and left-right materialism, and to a lesser extent education and urban-rural differences, play a role in defining political cleavages in Portugal.
Table 2.1 shows the discriminant analysis of Portuguese party electorates. In this case, only the first discriminant function is statistically significant. This function represents a cleavage dimension based on religiosity. Left-right materialist orientations also contribute to define this dimension, but with much less influence. The cleavage dimension polarizes two fields, one with strongly religious and slightly more capitalist-oriented individuals and another with secular and slightly more socialist-oriented constituencies. The party polarization shows the Social Democratic Center (CDS) and the Social Democratic Party (PSD) on the religious side and the Communist Party (PCP) on the secular side. Socialist Party supporters have a relatively moderate position on this dimension. The second discriminant function is dominated by the urban-rural division and education. However, this function is not statistically significant, and the results must be taken with caution.
Summary . The societies analyzed in this section show very strong structural cleavages. Although the Dutch society is clearly issue-oriented--it emphasizes postmodern, postmaterialist, and left-right materialism values--the analysis suggests that a religious cleavage is also very strong in that society. Ireland and Italy also have strong religious cleavages, and Belgium and Spain are characterized by strong regional cleavages. Religiosity also seems very strong in Portugal. Differences of development in northern and southern Italy do not create a regional conflict; rather, they reflect a conflict between traditionalism and religiosity on the one hand and stronger secular values on the other. The North-South division in Italy also reflects richer and poorer regional constituencies that make a class cleavage very salient. Urban-rural differences play an important role in Ireland. The so-called segmented pluralism is an important factor in the Netherlands and Belgium, where religious as well as regional and linguistic differences are translated into political conflict and competition. A strong Catholic tradition in Italy and Ireland helps explain the religious cleavages there. Differences of internal development, class conflict, urban-rural cleavages, and subcultural factors clearly shape party competition in these societies, reflecting a greater influence of the type of cleavages described by Lipset and Rokkan ( 1967) rather than strong issue-oriented cleavages. The Netherlands is perhaps the only exception.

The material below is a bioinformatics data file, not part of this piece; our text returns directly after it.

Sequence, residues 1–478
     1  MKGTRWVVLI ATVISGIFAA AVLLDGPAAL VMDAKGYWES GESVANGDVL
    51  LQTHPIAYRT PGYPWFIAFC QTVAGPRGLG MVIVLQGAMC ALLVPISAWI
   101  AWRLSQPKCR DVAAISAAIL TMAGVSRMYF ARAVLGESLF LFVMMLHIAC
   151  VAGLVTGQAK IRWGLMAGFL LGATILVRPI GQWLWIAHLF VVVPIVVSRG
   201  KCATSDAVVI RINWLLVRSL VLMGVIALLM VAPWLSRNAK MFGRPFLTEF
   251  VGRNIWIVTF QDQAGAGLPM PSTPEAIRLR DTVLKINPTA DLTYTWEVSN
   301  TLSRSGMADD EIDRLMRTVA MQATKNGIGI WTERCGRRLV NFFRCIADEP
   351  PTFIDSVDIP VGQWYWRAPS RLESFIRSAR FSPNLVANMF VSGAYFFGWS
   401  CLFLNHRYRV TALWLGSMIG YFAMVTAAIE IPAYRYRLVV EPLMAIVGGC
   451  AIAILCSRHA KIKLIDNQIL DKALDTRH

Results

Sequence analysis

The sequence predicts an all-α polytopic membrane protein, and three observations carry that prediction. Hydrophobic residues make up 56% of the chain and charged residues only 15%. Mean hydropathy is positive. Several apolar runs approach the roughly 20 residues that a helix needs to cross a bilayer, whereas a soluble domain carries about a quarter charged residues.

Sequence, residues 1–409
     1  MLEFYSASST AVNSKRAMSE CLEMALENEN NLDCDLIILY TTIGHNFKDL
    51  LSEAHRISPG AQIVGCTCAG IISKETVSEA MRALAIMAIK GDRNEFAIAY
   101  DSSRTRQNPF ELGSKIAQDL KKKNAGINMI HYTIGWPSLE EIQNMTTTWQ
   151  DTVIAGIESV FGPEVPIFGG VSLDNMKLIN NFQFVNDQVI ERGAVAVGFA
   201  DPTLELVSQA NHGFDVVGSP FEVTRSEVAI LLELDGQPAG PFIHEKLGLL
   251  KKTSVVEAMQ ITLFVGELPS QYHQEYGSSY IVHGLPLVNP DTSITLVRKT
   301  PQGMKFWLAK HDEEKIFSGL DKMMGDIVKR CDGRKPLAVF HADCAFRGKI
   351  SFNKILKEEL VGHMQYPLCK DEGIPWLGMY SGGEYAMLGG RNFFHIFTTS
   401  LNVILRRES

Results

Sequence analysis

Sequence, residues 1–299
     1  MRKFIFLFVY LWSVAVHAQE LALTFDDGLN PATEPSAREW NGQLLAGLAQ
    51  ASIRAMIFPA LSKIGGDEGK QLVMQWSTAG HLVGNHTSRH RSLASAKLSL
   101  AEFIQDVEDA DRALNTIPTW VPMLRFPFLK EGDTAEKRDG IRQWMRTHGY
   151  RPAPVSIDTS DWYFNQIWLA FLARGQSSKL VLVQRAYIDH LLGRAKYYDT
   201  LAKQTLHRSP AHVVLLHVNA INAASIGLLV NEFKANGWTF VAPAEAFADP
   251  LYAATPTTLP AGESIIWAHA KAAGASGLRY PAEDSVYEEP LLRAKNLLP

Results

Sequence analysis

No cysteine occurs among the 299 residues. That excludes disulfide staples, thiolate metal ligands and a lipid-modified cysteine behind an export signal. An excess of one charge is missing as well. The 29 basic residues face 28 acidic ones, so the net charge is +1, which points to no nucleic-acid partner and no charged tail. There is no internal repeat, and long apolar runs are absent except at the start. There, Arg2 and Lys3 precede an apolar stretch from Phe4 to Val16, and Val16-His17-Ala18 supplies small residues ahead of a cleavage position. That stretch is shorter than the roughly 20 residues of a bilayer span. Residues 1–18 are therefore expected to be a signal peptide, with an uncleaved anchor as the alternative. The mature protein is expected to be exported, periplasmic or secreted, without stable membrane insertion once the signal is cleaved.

Political cleavages in advanced industrial societies are strongly influenced by issue orientations. Most of the countries analyzed in this chapter show very